And the DKW gave its all. So much so that, with just three laps to go, the impossible looked possible – the little three-cylinder car was going to beat all the exotica. The smell of two-stroke oil was strong, but the whiff of an impending sensation was stronger. And then the dream faded. The little two-stroke that had run so courageously for hour after hour finally weakened. On two cylinders, Balder and Fittipaldi dragged it home in third place to great applause, but no victory. That didn’t stop the celebrations though, for even that result exceeded the wildest of pre-race expectations.

Mind you, DKW two-strokes were no strangers to the racetrack. As early as the 1950s privateers were entering their own saloons in touring car races, and DKW in Germany maintained a competition department that keenly contested rallies and long-distance races such as the Italian Mille Miglia.

Even the DKW licence-holder in Brazil, VEMAG (Veiculos e Máquinas Agricolas, or ‘Agricultural Vehicles and Machines’), maintained a competition department. With the cars designed just for everyday life, tuning was the hot topic of the day and, thanks to its simple, valveless design, the DKW could be persuaded to release more horsepower easily and cheaply. The front-wheel-drive running gear was also able to cope without buckling under the stresses imposed by the track.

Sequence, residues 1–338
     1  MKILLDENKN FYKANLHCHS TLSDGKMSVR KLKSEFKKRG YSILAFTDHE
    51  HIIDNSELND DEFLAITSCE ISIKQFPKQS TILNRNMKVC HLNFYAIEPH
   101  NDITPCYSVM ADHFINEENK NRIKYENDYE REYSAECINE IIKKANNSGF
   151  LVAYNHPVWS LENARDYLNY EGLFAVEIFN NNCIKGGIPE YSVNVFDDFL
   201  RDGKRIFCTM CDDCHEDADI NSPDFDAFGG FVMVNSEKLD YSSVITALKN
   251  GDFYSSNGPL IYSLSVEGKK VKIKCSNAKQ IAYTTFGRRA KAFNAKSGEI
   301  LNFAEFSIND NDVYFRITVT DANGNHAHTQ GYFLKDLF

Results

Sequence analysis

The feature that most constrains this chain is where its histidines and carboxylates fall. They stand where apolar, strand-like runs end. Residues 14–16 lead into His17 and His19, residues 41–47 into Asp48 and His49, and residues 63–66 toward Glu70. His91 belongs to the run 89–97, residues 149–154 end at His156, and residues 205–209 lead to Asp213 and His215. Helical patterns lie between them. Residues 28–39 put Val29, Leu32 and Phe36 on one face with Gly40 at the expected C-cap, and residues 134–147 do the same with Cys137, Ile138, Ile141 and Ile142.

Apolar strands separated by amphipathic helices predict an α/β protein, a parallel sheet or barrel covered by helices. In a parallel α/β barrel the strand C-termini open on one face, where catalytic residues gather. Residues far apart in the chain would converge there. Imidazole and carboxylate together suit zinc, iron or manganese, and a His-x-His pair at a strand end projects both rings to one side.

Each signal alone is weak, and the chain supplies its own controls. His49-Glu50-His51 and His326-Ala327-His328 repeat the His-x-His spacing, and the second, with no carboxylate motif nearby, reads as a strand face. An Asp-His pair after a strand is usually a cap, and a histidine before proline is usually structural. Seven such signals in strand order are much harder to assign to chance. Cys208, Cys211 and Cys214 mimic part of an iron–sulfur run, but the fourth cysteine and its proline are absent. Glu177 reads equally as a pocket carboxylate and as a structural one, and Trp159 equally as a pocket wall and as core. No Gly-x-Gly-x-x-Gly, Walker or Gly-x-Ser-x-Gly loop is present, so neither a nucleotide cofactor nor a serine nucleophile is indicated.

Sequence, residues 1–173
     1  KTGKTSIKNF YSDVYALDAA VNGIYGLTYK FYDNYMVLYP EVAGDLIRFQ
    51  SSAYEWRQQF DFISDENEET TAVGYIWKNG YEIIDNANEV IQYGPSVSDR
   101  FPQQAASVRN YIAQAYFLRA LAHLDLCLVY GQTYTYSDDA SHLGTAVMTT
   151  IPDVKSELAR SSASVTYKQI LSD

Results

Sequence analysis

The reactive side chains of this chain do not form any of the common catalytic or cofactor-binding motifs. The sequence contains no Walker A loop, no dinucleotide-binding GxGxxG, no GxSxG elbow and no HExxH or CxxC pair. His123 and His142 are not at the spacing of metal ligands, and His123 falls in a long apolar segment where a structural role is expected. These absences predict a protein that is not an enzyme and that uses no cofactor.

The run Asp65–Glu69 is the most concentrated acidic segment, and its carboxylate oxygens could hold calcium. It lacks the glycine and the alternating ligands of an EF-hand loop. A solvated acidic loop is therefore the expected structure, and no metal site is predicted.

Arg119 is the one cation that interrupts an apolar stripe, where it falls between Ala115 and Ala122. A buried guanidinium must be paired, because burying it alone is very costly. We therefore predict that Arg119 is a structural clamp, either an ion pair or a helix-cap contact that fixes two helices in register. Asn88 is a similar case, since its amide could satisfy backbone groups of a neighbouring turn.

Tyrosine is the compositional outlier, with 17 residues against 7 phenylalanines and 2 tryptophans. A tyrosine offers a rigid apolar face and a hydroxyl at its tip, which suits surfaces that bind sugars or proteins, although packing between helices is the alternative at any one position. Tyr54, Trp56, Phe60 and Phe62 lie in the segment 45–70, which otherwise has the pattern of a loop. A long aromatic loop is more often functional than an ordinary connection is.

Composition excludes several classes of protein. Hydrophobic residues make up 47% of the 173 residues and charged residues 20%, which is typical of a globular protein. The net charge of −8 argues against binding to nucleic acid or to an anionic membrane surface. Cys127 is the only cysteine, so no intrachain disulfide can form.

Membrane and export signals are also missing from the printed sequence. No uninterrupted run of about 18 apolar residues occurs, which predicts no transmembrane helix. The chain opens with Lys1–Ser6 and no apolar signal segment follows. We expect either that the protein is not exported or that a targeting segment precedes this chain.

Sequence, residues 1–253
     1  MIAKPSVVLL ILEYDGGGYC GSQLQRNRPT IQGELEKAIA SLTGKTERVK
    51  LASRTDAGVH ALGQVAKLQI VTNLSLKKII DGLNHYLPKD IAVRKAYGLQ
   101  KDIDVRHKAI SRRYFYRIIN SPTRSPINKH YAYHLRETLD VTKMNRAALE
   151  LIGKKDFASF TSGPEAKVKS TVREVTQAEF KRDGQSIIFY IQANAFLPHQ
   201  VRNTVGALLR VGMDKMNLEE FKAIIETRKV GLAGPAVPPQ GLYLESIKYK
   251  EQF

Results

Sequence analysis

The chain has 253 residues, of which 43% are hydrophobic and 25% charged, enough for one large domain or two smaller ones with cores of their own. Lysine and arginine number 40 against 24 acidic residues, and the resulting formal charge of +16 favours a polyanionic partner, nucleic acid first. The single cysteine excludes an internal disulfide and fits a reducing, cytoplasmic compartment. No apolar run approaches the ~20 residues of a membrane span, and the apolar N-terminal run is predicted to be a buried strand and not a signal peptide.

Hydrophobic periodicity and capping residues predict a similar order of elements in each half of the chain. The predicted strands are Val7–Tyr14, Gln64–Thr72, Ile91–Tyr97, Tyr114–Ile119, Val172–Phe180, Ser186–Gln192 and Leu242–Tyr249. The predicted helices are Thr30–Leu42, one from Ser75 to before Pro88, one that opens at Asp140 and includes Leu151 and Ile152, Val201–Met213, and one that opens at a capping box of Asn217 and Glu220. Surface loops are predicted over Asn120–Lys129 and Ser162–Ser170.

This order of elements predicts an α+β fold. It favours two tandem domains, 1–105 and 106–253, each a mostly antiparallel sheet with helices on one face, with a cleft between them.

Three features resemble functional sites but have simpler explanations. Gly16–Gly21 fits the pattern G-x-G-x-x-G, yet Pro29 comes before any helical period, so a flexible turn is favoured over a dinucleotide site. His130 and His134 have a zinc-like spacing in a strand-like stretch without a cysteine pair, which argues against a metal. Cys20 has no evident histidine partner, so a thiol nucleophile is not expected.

Naturally, none of this happened overnight. The little Brazilian Belcar saloon put out a solid and durable 43bhp – enough to get you where you wanted to go, but not quickly. So Jorge Lettry, head of the VEMAG race team, was charged with making the robust two-stroke three-cylinder more powerful. Something also had to be done about the tall, heavy Belcar bodywork, beloved by taxi drivers throughout Sao Paulo and Brasilia, but top-heavy on the track. In the early 1960s they struggled in vain against the low and nimble Willys Interlagos, which was a Brazilian derivative of the French Alpine 108 – and just as vicious in the handling stakes.

Enter Genaro ‘Rino’ Malzoni in 1962, with a plan to match the power with new bodywork. Money wasn’t an issue: his family, with Italian roots, had grown rich on cane sugar, coffee and banking. What he had in mind was a small, pretty coupé in the GT class; something the girls would love, and which was quick enough to win races. A shortened DKW chassis with a tuned engine was a simple combination, easily available too – and that made the coupé a commercial proposition.